It thrills me to watch the senior team that works with Carol and me at TACF. They have all grown into very strong and capable ministers through years of watching and learning from us and other leaders. They are then becoming involved in every aspect of ministry, and over the years, they have become able, anointed leaders. Here at TACF as we host revival, there are so many avenues of ministry to learn: worship leading, hosting the meeting, interviewing the testimonies, planning and organizing the meetings, preaching the messages and leading the ministry time. As we follow the Holy Spirit and flow in the gifts God has given us, we learn by doing it over and over and over again.

Wesley, Whitfield, Roberts, Seymour

Leaders of previous revivals were younger than we imagine. John Wesley was thirty-two when the great revival of 1730’s and ‘40’s began. He had already been to the mission field in Georgia. George Whitfield, his close friend and associate, was 21 years old when he first crossed the Atlantic to preach. He drew crowds numbering in the tens of thousands. Evan Roberts, the leader of the Welsh Revival in 1904-1906, was 24 years of age and his sister, the main song leader, was sixteen. William J. Seymour, the leader of the Azusa St. revival of 1906-1909 and beyond, was about 31 years of age. I am amazed at this, especially since I’m now 61 years old. I was 53 at the time the Holy Spirit first fell in our meetings.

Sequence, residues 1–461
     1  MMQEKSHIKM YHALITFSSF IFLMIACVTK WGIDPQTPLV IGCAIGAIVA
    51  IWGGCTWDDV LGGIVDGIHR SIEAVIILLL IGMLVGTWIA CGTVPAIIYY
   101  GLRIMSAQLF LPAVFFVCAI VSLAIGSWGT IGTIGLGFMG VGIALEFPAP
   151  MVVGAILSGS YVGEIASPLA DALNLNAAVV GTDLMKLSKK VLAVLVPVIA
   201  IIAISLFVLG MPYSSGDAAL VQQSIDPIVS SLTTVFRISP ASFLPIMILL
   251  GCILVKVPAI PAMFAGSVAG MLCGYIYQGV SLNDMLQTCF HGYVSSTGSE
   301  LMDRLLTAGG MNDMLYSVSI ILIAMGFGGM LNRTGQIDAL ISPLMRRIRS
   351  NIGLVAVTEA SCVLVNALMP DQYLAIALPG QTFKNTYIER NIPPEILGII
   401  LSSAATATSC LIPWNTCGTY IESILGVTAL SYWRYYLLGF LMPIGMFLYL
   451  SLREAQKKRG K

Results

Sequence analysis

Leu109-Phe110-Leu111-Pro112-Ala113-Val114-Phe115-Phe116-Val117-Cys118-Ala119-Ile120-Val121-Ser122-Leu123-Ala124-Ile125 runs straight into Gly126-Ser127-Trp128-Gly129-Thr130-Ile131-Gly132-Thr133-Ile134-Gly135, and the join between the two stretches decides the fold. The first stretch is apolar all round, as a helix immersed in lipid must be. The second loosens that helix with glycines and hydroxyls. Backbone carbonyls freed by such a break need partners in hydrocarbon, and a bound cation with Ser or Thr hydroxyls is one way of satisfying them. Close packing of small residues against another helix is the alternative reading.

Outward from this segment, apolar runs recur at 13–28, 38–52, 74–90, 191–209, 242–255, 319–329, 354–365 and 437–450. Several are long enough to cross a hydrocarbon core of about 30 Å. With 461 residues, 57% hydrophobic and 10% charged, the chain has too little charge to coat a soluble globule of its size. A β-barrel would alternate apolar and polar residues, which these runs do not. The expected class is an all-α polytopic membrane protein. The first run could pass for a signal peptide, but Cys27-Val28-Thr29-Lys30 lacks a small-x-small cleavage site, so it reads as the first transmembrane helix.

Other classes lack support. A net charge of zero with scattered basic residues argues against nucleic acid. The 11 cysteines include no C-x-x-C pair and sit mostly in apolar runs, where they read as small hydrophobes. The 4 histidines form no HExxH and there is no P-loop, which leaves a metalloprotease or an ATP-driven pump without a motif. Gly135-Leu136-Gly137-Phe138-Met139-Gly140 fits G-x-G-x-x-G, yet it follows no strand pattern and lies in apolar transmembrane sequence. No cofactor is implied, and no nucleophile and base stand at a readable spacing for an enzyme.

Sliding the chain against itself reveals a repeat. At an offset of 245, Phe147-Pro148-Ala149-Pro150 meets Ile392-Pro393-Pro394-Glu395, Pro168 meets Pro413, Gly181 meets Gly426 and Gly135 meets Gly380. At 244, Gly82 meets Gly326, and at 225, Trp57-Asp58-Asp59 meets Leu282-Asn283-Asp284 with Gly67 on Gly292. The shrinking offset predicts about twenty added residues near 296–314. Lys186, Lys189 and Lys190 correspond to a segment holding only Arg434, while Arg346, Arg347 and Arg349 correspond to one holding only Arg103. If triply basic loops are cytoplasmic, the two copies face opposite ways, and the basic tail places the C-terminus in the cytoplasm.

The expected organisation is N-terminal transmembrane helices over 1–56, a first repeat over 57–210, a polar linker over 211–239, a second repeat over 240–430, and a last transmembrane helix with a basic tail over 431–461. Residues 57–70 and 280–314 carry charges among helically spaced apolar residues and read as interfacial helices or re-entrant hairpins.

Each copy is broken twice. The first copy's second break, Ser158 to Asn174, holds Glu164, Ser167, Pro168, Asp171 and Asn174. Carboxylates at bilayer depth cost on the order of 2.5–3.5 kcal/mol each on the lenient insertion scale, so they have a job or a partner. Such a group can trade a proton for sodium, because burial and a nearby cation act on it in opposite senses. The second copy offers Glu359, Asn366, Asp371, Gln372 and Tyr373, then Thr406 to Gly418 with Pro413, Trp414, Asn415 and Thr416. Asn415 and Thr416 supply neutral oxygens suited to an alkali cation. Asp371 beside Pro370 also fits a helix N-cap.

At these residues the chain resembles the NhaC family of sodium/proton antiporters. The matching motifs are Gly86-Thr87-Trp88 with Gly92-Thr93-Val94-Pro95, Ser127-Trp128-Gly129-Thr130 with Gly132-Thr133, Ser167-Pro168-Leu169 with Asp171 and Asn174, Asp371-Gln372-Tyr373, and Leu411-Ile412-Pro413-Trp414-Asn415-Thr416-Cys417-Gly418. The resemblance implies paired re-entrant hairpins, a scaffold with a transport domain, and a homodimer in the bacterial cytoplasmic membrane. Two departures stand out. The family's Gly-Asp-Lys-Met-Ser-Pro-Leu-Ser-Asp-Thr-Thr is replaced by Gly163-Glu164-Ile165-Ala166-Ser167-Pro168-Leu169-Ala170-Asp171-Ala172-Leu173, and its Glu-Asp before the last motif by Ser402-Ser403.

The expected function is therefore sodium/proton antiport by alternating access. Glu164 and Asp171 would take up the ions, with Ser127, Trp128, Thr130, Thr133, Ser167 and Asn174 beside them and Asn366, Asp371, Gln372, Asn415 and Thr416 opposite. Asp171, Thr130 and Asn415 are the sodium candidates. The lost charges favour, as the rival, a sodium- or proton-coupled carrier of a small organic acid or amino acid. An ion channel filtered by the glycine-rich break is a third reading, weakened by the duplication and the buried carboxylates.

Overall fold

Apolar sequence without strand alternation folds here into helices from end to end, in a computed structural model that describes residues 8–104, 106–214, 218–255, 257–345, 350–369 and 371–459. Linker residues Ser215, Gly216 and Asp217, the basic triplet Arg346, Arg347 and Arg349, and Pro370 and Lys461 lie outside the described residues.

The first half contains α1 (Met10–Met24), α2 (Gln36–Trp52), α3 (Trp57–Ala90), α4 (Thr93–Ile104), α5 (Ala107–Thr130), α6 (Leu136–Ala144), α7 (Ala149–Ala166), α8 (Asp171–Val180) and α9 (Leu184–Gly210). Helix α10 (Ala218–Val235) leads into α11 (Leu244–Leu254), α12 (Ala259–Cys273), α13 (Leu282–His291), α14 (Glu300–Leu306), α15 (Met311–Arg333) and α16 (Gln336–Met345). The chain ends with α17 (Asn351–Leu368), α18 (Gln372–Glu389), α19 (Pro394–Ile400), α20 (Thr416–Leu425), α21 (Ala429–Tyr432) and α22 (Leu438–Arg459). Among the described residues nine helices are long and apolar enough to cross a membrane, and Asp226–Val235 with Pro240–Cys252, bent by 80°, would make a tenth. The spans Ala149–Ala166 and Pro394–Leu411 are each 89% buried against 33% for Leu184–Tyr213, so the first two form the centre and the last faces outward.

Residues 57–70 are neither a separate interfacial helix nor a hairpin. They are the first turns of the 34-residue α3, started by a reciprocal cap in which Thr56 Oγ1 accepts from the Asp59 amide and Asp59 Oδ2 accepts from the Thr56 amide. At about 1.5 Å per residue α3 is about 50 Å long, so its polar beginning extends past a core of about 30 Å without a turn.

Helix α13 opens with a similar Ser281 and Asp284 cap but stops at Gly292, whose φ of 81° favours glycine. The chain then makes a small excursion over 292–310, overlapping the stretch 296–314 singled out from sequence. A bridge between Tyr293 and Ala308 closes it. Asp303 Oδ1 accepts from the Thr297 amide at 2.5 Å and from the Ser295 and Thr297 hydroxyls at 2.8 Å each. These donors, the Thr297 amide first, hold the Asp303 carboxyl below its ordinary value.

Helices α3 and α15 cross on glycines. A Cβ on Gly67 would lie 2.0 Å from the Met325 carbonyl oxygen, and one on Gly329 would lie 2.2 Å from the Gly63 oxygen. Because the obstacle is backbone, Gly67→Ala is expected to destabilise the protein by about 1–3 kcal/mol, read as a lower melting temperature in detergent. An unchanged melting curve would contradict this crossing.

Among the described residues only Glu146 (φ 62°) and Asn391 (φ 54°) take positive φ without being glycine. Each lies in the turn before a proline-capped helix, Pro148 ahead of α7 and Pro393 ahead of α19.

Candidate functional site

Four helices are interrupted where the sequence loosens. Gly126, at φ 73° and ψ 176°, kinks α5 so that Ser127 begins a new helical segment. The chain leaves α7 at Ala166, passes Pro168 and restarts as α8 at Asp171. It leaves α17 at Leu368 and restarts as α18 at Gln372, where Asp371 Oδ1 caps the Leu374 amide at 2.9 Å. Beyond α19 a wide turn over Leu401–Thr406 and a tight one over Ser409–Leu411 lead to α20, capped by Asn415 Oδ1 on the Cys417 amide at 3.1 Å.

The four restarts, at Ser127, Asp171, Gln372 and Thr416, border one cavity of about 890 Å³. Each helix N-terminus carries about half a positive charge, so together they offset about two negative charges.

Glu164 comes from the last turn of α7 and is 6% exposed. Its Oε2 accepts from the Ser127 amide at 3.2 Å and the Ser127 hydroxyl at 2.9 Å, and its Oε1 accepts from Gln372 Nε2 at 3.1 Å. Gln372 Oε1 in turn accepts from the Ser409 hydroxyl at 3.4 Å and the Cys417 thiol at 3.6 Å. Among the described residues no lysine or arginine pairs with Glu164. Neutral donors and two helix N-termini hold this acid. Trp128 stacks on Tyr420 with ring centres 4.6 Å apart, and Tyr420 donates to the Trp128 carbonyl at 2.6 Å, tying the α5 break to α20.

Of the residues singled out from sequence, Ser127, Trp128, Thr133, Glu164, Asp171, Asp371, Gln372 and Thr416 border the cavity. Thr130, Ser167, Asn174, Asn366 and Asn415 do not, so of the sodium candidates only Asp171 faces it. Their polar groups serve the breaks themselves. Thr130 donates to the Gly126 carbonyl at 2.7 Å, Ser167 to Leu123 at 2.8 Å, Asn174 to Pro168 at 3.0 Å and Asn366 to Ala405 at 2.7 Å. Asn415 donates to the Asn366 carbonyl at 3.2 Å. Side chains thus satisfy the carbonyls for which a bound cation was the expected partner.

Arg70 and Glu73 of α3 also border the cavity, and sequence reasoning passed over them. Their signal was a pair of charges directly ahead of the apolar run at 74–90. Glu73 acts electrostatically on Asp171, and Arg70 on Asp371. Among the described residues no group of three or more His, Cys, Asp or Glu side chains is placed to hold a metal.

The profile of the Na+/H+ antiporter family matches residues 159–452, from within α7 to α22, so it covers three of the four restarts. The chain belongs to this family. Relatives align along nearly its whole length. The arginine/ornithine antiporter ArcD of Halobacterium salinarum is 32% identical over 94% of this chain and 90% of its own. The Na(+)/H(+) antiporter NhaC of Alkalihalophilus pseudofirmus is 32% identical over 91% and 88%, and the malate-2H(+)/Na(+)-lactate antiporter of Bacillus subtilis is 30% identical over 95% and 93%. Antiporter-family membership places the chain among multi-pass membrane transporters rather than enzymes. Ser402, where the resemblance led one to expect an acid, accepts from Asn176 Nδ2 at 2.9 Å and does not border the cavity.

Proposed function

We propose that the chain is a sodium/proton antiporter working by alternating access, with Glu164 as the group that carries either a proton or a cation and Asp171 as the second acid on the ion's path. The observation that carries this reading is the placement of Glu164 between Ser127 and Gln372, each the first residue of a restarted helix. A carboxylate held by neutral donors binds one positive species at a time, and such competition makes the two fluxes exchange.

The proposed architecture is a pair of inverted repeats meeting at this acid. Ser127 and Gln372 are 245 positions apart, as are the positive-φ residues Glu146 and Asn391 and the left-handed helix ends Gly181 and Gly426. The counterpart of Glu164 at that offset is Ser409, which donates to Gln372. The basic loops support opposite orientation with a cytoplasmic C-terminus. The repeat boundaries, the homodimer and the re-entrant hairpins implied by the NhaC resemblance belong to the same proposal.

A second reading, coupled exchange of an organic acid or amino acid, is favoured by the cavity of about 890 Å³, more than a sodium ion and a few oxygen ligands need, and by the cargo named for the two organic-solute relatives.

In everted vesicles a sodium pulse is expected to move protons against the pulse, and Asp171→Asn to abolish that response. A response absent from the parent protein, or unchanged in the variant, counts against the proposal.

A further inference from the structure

However, young people are much more willing to take risks and pursue new paradigms and innovative ways. Their traditions do not run so deep but that they will launch out into new things and go to distant places. Following after God means always doing new things because He is never in a rut. How awesome it is to run after God, doing new and effective ministry alongside youth. We need their vigor and they need our steadying, reassuring hand of experience.

Everyone Should Have A ‘Timothy’

I believe every pastor, evangelist, missionary and indeed everyone in full-time ministry should have a “Timothy” or two to whom they are teaching all that they know and mentoring them in the process.

Paul the apostle had Timothy, his own son in the faith. Timothy was first trained in the word of God by his own mother and grandmother. (2 Timothy 1:5-6) Later on Timothy was mentored by the great apostle Paul who took him along on several ministry trips and eventually put him in as senior pastor of the great church in Ephesus which some believe to have had about 50,000 members. You might even consider having as many as twelve “Timothys” like Jesus had. Imagine if every senior leader passed on what he had learned over the years to his sons and daughters in the faith, teaching them his values, priorities and practices. So, all you “young-uns” in the next generation, find yourself a mother and father in the faith that will pass their platform, character, values and anointing on to you!